What's the Capital of the State of Disarray?

Something I learned this weekend: I'm only really motivated to clean my apartment up when I have guests coming over. (Though it should be noted that this is not so much cleaning up as it is cramming all my junk into hidden cabinets.)

I mean, almost all of us have somewhat messy houses; it just depends on your tolerance for such things (and such things building up). I notice that, like a frog in gradually heating water, I have pretty high tolerance for messiness accumulating in my apartment.

And here's what I figured out happens (to me and others). When there's one thing that should be moved / put away, your brain sees it and registers, but no action is taken. Then after some time of actually being there (each time triggering your brain again as a little flag), your eyes tend to "overlook" it and your brain tends to ignore it. Like when a pressed nerve starts to numb out, and your body acclimatizes to the existing stimuli. Or like banner ads.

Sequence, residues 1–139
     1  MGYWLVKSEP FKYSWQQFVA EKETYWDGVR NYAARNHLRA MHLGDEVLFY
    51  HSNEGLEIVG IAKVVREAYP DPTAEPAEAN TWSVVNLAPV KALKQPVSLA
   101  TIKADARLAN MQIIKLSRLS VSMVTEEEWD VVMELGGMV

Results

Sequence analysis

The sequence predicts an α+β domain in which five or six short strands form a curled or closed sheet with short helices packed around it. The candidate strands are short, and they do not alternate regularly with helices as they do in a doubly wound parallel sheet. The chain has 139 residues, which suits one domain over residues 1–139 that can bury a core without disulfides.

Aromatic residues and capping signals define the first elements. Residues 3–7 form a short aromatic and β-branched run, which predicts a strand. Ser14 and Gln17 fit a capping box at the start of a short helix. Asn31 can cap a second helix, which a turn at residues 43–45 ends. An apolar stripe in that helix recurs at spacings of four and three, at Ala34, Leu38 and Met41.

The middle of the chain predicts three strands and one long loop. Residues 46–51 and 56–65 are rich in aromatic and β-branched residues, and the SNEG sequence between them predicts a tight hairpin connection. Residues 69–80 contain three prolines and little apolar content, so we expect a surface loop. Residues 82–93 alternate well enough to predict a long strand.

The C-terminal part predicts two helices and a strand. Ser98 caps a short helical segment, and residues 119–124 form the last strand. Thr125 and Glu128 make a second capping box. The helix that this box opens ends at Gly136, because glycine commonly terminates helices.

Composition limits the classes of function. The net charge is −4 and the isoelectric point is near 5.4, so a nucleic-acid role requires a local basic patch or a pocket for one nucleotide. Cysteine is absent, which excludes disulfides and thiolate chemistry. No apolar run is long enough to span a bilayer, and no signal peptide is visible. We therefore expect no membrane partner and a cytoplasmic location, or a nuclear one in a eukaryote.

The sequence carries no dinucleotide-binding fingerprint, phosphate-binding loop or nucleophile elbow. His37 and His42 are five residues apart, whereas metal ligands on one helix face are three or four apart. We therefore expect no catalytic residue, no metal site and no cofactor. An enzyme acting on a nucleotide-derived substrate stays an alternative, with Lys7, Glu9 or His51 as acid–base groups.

And then more stuff gets ignored, and so on and so on.

Look around. What's around you that you've been "meaning to" clean up or put away or file or whatever, and you haven't? And over time, it's just become part of that room's "decor"?

I'll start.

At my work desk, it's this plastic bag sitting behind my aloe vera plant.
And this pile of publication PR forms for if my company wants to place an ad in the local industry magazine.
And these 5 business cards from local restaurants that I enjoyed.
And this blue Post-It Note that has outdated testcase figures on it, stuck just to the right and behind my laptop.
And the two foot odor removal insoles that came from the hotel room in Tokyo, which I thought would be neat to keep at home for future use. (Yes, it's actually on the desk.)


If I were blogging about this at home, the immediate list would be tons longer. Now you.

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